Mar 1, 2011
Parentless Parents by Allison Gilbert
Anyone who's lost a parent knows how that hole in the family grows even larger after a child is born. Now it's not just a parent who's missing from the equation, it's a grandparent as well.
What about when of both your parents are gone before your children come along? That's the topic of Allison Gilbert's new book, Parentless Parents, a careful and documented examination of the particular issues these parents face.
Gilbert, who mI've known since 2005 when she was working on her collection of interviews with adult orphans, Always Too Soon, was kind enough to take time out of her book-promotion schedule to answer a few questions about Parentless Parents for readers of 455-Girls:
455G: You lost your mother at age 25--before you married and had your children-- and your father when you were 31 and your son was eighteen months old. What were those intervening years like for you?
AG: I had feared becoming a parentless parent long before I ever became one. Once my mother died, I clung to my father. I knew all too well he was my final parent. Because of that, and after the birth of my son, he and I became the closest we'd ever been. I involved him as often as I could -- in everything I did as an expectant mother and later, as a new mom. My dad came with me and my husband when I had ultrasounds. My father jumped at the chance to come with us to get Jake's first haircut. And, then, just like that, he developed a cough and was dead a few weeks later. My father had lung cancer and hadn't smoked in 20 years.
455G: Many women who come to this blog felt emotionally parentless after their mothers died, even if their fathers are still living. Will your book speak to them as well?
AG: In many ways, even though my father was an enormous comfort to me after my mother died, I felt at times like I was already a parentless parent. My dad was loving, but he couldn't remember all the details I really needed to know as a new mom. He couldn't remember when I started eating solid foods, or how old I was when I first slept through the night. My mom would have likely remembered though, and that's why parenting without her hurt so much, even though I had my dad.
My father also wasn't a very patient man, and he certainly wouldn't have been willing to hear me drone on and on about cribs, strollers, and color choices for our son's nursery. That kind of inexhaustible interest in my life -- even the smallest, most inconsequential tidbits -- ended for the most part when my mother passed away, and could never be fully replaced.
Ultimately, because our moms were so often the ones who listened most attentively when we were young, and because our mothers stereotypically made most of the decisions regarding our care, the pain of mother loss can feel especially sharp, sometimes just as intense as being a parentless parent.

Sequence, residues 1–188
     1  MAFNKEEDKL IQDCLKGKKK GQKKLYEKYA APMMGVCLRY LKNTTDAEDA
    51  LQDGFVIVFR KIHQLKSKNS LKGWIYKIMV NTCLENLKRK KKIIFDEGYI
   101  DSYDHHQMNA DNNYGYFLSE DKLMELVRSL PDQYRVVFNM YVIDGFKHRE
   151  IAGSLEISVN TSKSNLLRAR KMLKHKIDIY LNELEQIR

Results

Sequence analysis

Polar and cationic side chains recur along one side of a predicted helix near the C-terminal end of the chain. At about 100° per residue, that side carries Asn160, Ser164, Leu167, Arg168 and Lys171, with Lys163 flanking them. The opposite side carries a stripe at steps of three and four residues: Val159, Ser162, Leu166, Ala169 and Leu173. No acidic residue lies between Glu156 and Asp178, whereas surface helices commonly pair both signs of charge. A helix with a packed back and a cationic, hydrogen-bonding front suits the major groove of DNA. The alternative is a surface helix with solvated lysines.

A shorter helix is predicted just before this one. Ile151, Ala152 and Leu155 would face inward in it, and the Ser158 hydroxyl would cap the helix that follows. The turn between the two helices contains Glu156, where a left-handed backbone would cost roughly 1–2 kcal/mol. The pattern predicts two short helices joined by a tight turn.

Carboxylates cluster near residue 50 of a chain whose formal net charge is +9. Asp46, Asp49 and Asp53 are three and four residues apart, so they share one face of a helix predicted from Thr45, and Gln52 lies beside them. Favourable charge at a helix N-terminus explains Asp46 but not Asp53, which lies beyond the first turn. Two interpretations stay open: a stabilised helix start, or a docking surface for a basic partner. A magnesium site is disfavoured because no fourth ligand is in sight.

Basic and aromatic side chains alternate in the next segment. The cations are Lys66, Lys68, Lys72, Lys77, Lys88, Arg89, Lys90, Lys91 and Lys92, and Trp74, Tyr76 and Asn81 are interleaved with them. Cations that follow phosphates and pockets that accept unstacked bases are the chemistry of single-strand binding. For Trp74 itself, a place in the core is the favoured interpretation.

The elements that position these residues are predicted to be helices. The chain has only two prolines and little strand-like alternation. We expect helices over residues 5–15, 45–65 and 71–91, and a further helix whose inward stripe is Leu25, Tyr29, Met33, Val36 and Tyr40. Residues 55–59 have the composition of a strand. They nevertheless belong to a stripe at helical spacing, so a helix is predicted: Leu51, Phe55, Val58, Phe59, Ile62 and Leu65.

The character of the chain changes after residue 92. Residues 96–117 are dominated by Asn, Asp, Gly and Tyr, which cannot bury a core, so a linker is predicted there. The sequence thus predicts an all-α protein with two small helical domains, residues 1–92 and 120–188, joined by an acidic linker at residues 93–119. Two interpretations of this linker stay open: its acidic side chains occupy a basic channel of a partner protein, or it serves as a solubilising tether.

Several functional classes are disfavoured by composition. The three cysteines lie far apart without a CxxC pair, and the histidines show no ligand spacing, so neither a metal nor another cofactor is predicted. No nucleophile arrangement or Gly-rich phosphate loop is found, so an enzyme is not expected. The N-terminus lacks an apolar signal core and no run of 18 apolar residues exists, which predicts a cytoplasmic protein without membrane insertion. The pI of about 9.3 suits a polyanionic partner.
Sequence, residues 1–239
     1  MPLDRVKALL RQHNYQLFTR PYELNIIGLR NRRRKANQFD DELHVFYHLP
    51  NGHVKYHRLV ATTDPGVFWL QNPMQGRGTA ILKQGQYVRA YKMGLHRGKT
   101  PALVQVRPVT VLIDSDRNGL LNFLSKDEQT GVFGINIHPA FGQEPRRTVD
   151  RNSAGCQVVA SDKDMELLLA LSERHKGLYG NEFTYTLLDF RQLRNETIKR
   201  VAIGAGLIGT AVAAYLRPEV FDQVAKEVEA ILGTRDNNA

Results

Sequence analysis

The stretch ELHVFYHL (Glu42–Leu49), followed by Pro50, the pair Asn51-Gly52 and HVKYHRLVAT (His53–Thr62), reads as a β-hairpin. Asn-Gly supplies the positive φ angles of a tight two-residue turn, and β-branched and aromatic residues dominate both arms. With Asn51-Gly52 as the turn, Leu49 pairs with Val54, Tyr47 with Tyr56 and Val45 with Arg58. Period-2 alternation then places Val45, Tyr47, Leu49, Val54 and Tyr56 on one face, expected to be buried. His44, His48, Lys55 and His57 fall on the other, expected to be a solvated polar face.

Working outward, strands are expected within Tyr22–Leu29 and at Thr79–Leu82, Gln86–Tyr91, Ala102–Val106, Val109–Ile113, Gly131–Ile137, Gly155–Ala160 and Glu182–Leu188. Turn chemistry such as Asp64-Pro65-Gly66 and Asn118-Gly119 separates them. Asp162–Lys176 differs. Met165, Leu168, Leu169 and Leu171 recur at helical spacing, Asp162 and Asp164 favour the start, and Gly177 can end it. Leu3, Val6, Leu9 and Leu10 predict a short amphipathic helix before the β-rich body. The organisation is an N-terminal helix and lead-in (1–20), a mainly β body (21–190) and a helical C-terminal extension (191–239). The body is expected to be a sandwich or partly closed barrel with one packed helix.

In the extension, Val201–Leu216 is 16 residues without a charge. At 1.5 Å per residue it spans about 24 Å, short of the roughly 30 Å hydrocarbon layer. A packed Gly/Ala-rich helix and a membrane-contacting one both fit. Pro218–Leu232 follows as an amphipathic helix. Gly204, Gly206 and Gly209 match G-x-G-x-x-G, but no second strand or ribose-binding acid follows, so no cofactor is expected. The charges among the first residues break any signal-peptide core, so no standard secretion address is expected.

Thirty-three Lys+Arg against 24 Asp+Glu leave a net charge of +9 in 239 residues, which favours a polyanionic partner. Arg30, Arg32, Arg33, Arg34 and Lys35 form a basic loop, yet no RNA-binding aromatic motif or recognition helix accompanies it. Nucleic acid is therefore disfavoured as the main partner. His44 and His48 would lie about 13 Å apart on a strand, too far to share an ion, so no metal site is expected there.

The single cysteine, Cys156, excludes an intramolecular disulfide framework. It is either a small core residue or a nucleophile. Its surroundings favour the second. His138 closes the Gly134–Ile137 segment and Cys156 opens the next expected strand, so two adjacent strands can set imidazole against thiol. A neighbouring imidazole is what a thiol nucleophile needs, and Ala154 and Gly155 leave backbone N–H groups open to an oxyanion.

455G: One of the biggest challenges of being parentless is being able to ask for and accept help as a new mother. I remember poring through books for advice after my first daughter was born because I felt embarrassed to go to my friends with basic questions. What practical suggestions do you have for parentless parents who are, so to speak, setting sail alone?
AG: I don't think I was ever embarrassed to ask for help; I just wasn't willing to accept all the help that was around me. In my mind, nobody could measure up to the kind of grandma I imagined my mother would have been, so I pushed nearly everyone close to me away. In particular, I resented that my mother-in-law was just so willing (and capable!) of swooping in and taking over. Ultimately, I realized that all the anger I was clinging to, all that sadness, was hurting me more than anyone else. Gradually I began to get comfortable not only with accepting help -- but also being absolutely grateful for it. This represented nothing less than a sea change in my thinking, and the process has been enormously freeing.
Emotionally, I understood that my husband and I were both very lucky to have his parents. They are active and engaged and completely loving. And as a matter of simple physical practicality, by learning to embrace help, the enormous pressure I felt being a mom without my mom began to lift. Looking back, it seems that many of the burdens that come along with new motherhood are easier to handle once you accept that no amount anger and self-pity can bring a mother back.
455G: Support groups have been enormously helpful for many motherless women because they find comfort in the presence of others who understand. You've helped to start several Parentless Parents groups. Can you tell us a little bit about what they offer?
Sure! Parentless Parents support groups are now forming all over the country. They’re developing in several states including California; Oregon; New York; Washington, DC; and Florida. The groups are run by parentless parents, and are a way for parentless parents to meet and exchange ideas, tips, and resources. These groups actually tend to be a lot of fun, because there's instant camaraderie and connection.
There is also a growing and active Parentless Parents Group page on Facebook. Parents from all over the country (and the world) are coming together to discuss the specific challenges of being a parentless parent. I think the in-person support groups and the Parentless Parents Facebook page are so helpful because sometimes strangers understand you better than your own family and closest friends do. There's no need to explain yourself. We all "get" it. And that's incredibly validating.
You can find a complete list of Parentless Parents chapters on www.parentlessparents.com. If a chapter doesn't exist where you live, feel free to start your own! You can find Parentless Parents on Facebook by clicking here and watch the book's trailer here.